Wednesday, 28 May 2014

Sidney Keyes: 'Death and the Maiden' (Four Postures of Death)

Henri de Toulouse-Lautrec, The Spanish Dancer, 1888

'Death and the Maiden', the first poem in Sidney Keyes' Four Postures of Death sequence, is the poem from which Richard Adams took the first few lines for one of his epigraphs in Watership Down. So this is the poem which introduced me to Keyes, and it is an important part of the wonderful interwoven, nature-celebrating and literature-loving texture of Watership Down. For years before I even felt strongly impelled to look up the whole poem and to find out more about Sidney Keyes, I wondered what kind of poet had written such singular, unforgettable lines.




He said 'Dance for me,' and he said,
'You are too beautiful for the wind
To pick at, or the sun to burn.' He said
'I'm a poor tattered thing, but not unkind
To the sad dancer and the dancing dead.'

So I smiled and a slow measure
Mastered my feet and I was happy then.
He said, 'My people are gentle as lilies
And in my house there are no men
To wring your young heart with a foolish pleasure.'

Because my boy had crossed me in a strange bed
I danced for him and was not afraid.
He said, 'You are too beautiful for any man
To finger; you shall stay a maid
For ever in my kingdom and be comforted.'

He said, 'You shall be my daughter and your feet move
In finer dances, maiden; and the hollow
Halls of my house shall flourish with your singing.'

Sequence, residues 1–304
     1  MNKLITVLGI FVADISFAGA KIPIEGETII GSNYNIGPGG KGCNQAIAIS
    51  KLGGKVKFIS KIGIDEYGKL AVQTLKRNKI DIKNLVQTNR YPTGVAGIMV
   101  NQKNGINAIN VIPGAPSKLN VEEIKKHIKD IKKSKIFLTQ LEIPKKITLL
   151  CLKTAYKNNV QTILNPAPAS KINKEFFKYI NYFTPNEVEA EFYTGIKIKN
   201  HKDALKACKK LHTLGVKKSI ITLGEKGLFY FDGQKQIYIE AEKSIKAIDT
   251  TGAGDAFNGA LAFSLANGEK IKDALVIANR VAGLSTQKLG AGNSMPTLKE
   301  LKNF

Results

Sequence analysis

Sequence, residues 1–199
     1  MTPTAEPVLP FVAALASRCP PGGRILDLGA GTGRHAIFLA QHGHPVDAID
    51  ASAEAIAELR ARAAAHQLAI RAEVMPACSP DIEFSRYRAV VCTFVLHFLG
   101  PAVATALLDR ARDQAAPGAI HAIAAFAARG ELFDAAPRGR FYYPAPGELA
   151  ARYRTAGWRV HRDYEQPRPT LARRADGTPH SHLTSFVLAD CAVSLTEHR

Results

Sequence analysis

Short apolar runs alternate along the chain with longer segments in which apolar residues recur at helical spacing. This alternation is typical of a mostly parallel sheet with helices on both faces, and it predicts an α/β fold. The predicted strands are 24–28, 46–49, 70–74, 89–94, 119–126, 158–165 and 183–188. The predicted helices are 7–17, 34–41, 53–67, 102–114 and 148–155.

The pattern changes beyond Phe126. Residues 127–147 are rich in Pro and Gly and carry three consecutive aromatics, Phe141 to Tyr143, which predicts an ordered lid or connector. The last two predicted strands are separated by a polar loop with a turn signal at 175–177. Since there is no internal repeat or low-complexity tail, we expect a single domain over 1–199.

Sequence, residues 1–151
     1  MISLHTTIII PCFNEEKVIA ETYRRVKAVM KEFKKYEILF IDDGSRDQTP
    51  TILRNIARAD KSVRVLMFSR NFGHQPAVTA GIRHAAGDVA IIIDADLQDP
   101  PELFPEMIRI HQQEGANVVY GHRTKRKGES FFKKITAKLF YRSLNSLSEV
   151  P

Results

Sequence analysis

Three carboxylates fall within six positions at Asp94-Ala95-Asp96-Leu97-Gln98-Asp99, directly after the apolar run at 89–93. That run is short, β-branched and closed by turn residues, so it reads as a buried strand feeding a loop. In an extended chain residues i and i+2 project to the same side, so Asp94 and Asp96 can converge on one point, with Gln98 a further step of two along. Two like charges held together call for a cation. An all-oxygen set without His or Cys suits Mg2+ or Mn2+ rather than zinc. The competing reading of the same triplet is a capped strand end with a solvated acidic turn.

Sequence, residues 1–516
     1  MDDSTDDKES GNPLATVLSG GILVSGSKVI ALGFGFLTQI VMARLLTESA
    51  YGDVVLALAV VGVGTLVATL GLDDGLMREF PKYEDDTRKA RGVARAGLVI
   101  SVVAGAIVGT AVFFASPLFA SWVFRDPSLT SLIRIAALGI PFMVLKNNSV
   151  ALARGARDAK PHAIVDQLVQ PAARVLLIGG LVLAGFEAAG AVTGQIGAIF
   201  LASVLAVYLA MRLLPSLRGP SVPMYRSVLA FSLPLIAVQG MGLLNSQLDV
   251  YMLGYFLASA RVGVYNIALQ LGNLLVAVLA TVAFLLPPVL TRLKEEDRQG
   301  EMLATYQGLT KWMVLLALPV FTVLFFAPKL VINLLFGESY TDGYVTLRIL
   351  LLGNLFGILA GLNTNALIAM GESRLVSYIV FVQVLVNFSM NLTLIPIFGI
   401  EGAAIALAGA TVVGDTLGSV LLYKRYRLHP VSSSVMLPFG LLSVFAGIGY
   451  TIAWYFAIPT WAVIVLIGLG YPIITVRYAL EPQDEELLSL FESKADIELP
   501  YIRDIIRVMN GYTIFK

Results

He beckoned and I knew that I must follow
Into the kingdom of no love.


  1. An outstanding, haunting poem - it makes me feel sad, but in an unfathomable way - truly, one of the few great poems of the last century.

    Gary Bills.

    1. Thank you for stoppping by! I'm always happy when people appreciate Keyes, who died so young.

      I know that when I first read those lines in the Watership Down epigraph, they had something about them which was utterly new and different to me, and I still tend to feel that way.

  2. I just read this in Watership Down, too. It is so beautiful that I had to look the rest up.
    Thank you for posting this, Classic Aykroyd

    1. You're welcome! I certainly recommend looking up more work by Sidney Keyes. I've posted some of his poems on this blog, and Carcanet Poetry publishes his Collected Poems.

  3. Aah I'm so happy to see other people who read this from Watership Down and were instantly intrigued. Beautiful book, beautiful poem.

    1. Thank you for stopping by. I'm always so pleased when someone had a similar experience with any of the Watership Down quotations/epigraphs, and especially with Sidney Keyes.

  4. Thank you, Clarissa. I too came here by way of Watership Down. Funny thing is that when I read it as a child, I hated the epigraphs -- they were confusing to me, and interfered with the rabbits. Now, as an adult, I can appreciate them, especially this haunting verse. Thank you for sharing the rest.

    1. Thanks for commenting. I pretty much always loved everything about Watership Down...but I definitely think it's a book you can grow along with, and appreciate somewhat differently in adulthood. The mysterious thing to me is that as important as the story is to me, I think that the epigraphs (and the allusions to literature scattered throughout the story) have ultimately proved to be just as important.